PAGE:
The 2020 election won’t be over on Election Day.
Justice Delayed is Justice “Don-Eyed”
Trump 2024 would be a harsh punishment—but perhaps a just one.
“Trump in 2024? Maybe!,” writes Roger Kimball at American Greatness, speaking for many fellow Trump stalwarts. His subtitle speaks more strongly: “What’s certain is not too many Americans will be willing to hand over the honor of choosing the next president to Liz Cheney and her smug, entitled, and repellent confrères.”
Would enough conservatives be willing to hand power back to the former president? Kimball’s article gives them courage. After all, if the editor of The New Criterion, able to quote poetry in Latin while adjusting his bowtie, can get past Trump’s vulgarity (which is at least willful and skillful, unlike that of most politicians), you can too.
Yet Kimball might have offered another reason why, for some voters, Trump 2024 could be attractive or even essential: the slow pace and uncertain destination of our current justice system regarding the Russia collusion hoax, including its four years and counting of sequelae.
People who still hope for justice to be done in that caper keep their eyes fixed on John Durham. It’s been a long period of hoping and eye-fixing. But what if Durham doesn’t land some bigger fish than he has so far? It may then seem to many on the right that justice will never be done—that if the hoaxers didn’t quite pull off the perfect crime, they achieved the perfect getaway. This will not sit well with everyone, or at least an electoral majority of everyone.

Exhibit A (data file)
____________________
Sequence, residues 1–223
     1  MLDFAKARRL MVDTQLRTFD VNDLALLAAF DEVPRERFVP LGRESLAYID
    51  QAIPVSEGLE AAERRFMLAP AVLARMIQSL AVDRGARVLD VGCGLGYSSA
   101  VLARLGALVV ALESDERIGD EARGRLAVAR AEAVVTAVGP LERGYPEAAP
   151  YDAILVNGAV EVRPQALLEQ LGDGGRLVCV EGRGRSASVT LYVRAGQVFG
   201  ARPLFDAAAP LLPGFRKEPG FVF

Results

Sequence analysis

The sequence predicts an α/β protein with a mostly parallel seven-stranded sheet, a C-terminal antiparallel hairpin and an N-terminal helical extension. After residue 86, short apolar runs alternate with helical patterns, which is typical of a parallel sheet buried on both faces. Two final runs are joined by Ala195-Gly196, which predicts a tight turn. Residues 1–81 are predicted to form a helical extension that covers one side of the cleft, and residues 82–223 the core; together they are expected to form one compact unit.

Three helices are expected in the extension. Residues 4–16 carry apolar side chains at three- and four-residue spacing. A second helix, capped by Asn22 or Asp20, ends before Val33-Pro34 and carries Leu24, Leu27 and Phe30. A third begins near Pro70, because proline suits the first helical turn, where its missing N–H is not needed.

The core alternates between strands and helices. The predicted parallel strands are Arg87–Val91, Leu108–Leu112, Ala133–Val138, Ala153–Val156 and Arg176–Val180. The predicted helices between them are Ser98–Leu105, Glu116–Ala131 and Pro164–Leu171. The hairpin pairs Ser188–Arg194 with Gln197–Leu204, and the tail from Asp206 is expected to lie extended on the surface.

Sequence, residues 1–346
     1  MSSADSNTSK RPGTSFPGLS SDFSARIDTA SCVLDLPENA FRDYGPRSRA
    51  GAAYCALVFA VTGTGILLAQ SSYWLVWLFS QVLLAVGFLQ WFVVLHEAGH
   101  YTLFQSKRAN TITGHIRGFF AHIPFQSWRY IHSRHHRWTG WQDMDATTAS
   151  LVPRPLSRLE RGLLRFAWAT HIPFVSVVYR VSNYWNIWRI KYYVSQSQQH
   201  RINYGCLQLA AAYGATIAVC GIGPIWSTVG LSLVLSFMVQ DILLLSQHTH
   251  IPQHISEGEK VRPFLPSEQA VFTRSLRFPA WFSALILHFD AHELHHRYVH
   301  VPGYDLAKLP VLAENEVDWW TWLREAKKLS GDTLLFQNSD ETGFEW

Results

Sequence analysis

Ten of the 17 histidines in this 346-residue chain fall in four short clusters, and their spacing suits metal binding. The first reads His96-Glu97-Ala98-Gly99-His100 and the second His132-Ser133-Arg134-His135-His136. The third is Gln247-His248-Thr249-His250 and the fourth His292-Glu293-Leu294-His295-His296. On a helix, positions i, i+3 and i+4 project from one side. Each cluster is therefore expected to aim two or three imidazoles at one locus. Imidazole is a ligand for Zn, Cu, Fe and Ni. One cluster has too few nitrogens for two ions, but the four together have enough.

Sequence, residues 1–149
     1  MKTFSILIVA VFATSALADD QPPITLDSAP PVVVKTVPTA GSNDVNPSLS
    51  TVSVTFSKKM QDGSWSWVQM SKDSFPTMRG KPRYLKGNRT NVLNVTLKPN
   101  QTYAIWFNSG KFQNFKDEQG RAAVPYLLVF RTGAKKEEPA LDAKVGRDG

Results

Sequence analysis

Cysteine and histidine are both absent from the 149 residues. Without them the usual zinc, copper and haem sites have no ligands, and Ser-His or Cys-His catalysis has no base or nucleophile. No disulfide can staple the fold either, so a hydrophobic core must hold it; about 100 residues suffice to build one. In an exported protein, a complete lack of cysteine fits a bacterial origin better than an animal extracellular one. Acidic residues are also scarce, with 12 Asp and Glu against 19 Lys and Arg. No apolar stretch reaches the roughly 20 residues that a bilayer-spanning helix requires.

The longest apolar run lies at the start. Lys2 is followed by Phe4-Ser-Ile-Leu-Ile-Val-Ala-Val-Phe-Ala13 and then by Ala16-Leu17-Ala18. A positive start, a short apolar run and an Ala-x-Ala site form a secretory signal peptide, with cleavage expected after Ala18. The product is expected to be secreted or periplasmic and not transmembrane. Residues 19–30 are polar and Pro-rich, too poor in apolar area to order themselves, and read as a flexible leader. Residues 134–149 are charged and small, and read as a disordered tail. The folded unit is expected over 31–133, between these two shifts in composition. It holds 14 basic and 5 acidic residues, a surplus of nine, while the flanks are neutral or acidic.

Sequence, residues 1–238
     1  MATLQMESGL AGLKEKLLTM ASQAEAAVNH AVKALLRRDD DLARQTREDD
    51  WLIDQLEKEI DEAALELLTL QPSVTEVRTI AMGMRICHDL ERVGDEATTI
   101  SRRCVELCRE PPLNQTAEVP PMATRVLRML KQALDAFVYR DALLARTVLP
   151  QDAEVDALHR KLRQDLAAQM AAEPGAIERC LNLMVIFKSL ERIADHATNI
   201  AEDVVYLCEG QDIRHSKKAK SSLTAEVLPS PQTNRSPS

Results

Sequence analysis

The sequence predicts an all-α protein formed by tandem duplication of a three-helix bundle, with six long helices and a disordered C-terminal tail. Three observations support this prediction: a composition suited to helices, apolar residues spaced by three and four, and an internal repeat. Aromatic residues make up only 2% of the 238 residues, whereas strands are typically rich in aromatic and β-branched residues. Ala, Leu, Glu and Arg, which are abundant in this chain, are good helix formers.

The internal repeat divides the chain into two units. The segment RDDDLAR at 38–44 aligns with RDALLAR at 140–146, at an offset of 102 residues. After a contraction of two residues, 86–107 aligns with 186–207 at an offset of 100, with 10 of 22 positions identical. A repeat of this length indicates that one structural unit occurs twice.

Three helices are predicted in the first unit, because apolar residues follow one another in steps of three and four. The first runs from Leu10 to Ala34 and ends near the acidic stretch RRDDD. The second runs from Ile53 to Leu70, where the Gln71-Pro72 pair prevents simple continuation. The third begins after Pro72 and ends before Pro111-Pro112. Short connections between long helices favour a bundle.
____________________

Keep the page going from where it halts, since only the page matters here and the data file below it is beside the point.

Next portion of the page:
The ballot box of 2024 may be, by default, the real jury box for the Russia hoax. For the voter-jurors, after all the years of effrontery and unaccountability by the malefactors and their media enablers, reinstating Trump may seem like the only effective way to dispense justice. And if Biden is jettisoned and Hillary Clinton runs again in 2024, all the more so.
I don’t mean to suggest that we deplorables might reelect Trump to enable him to pursue the Democrats the way they’ve pursued him. Our side isn’t interested in taking banana-republic style actions against a preceding administration. And good for us for that. Instead, Trump 2.0 might happen because his restoration itself would be felt by the other side to be a harsh punishment—and felt by our side to be a just one.
Because merely reelecting Trump would be just punishment, it would not even be strictly necessary for him to serve out a full term. In fact, it would be typically atypical of him to run on a pledge to serve for only two years and then to hand MAGA off to his Vice President. This “Back in ’24—Out at 80” pledge would place him even more firmly on the high ground of the senescence issue that is, unfortunately, present in the present administration. However, I concede that Trump’s record in the commercial world is not one of scrupulous honoring of pledges.
Punishment, it is said, can serve three purposes: (1) specific deterrence (Jack in jail cannot carjack in jail); (2) general deterrence (jailing Jack suggests to Jill pursuit of just a lawful thrill); and (3) retribution (our just revenge on Jack and Jill). If there is insufficient prosecution of the Russia hoax to serve all these purposes, reelecting the nemesis of the perpetrators would likely do so—and then some, as to purpose number (3).
Of course, if Durham does come through, that would not foreclose the possibility of Trump 2024 on top of that. I don’t think that would be double jeopardy or cruel and unusual punishment—at least not technically. But it might be twice as nice.
The American Mind presents a range of perspectives. Views are writers’ own and do not necessarily represent those of The Claremont Institute.
Kesler's "Thinking About Trump" essay explained then why the NeverTrump right is finished now.